Exchange-traded funds (ETFs) began in 1993. Today, they’re one of Wall Street’s most popular investment vehicles, accounting for more than $1 trillion in invested assets and roughly 1,000 ETF products traded on U.S. stock exchanges.
But most Americans don’t even know what “ETF” stands for. To understand it, you first have to draw a distinction between mutual funds, index funds, and ETFs. Forbes has more:
1. What is a mutual fund?
Once upon a time, only sophisticated investors had enough capital to justify hiring professional help. Now, a much larger number of investors of much more modest incomes seek a return.
Mutual funds rely on a professional adviser to actively manage investments on behalf of others, at a fee. The hope is that active management can take advantages of trends in the market or informational discrepancies to “beat” the overall market return.
2. What is an index fund?
In 1976 the first index fund was launched by the investment firm Vanguard Group. It was known as “Bogle’s Folly,” for John C. Bogle, the founder of Vanguard. He believed that it was far more important to stay invested than to trade in and out. So, Bogle created a fund that tracked the S&P 500. It was the Vanguard 500 (VFINX). It promised to keep up with the broad index of stocks at a rock-bottom cost, and it still does.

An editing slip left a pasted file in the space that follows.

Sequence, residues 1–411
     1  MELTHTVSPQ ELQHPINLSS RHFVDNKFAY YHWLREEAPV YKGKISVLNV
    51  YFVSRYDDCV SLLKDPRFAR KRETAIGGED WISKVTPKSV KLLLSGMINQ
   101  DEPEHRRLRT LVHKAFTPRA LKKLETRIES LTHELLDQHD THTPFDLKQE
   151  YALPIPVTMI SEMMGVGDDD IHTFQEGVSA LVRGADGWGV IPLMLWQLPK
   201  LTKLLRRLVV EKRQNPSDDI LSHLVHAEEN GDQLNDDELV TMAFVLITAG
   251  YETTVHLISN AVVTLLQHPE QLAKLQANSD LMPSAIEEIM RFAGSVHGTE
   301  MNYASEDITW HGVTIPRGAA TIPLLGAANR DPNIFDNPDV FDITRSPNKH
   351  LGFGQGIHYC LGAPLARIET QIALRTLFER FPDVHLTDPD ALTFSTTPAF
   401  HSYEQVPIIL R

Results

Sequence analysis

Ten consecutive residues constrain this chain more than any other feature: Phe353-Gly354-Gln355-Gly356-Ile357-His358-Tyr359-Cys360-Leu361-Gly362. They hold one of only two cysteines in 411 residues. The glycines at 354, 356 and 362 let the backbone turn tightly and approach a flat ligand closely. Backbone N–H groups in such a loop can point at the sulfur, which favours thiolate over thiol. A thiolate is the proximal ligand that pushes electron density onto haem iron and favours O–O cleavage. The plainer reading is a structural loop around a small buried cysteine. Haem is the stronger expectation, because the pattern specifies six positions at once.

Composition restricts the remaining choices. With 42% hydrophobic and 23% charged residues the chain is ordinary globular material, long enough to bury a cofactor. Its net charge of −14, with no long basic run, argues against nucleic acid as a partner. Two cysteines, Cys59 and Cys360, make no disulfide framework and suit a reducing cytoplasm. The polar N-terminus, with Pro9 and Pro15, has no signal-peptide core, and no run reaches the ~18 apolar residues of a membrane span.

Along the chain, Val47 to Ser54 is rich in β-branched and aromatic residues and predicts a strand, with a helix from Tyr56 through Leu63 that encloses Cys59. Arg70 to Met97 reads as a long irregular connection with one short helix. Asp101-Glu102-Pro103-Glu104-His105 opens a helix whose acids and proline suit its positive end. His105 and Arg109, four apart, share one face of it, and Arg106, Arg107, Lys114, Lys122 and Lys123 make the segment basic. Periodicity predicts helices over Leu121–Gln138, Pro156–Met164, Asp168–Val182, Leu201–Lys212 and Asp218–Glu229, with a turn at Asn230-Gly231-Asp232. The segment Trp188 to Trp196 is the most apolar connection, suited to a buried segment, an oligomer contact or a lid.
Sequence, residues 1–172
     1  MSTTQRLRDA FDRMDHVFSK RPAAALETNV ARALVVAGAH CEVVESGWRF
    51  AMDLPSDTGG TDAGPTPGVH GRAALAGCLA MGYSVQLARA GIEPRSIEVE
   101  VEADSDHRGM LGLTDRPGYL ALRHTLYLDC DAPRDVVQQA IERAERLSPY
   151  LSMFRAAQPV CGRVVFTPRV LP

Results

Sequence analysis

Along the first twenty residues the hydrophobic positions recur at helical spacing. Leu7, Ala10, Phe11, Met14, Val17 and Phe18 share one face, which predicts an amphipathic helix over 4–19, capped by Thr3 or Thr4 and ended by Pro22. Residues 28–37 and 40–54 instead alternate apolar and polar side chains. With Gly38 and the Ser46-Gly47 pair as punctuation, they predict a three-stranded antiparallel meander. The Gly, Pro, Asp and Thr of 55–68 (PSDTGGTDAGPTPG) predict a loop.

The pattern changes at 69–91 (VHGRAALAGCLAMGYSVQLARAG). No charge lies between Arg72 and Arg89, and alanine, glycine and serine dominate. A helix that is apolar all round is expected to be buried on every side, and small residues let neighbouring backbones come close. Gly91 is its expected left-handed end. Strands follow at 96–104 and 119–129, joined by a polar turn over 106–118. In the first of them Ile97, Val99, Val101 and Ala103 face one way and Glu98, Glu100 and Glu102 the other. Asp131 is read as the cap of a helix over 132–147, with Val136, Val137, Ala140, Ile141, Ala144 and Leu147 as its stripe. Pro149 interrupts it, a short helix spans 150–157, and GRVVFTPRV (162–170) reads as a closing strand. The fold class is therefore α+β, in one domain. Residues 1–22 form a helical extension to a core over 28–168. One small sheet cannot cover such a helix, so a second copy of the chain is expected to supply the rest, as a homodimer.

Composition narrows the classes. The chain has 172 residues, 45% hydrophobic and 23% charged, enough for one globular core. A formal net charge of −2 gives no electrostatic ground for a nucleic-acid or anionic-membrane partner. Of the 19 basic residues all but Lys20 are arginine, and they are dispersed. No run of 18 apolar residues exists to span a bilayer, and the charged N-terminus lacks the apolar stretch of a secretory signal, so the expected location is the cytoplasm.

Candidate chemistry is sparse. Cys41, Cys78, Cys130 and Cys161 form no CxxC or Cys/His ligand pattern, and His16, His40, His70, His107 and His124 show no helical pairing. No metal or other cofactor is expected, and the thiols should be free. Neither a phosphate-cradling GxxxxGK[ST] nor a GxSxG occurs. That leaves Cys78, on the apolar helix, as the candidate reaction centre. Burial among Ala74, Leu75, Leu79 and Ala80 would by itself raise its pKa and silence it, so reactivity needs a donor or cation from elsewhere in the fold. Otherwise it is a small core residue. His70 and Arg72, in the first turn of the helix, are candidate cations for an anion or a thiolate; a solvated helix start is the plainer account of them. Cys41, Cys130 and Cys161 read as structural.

3. What is an ETF?
You can think of an ETF as a form of index fund, in the sense that is has the same goal: To provide investors with a benchmark return at minimal cost. There is one important difference, however. Index funds are costly to trade, while ETFs often trade commission-free.
Not all ETFs are designed to mimic index funds, so be careful. Some have become little more than trading tools. If you want to have the flexibility of an ETF’s low trading cost and performance similar to an index fund, it’s best to use only the largest, most widely traded ETFs on the market.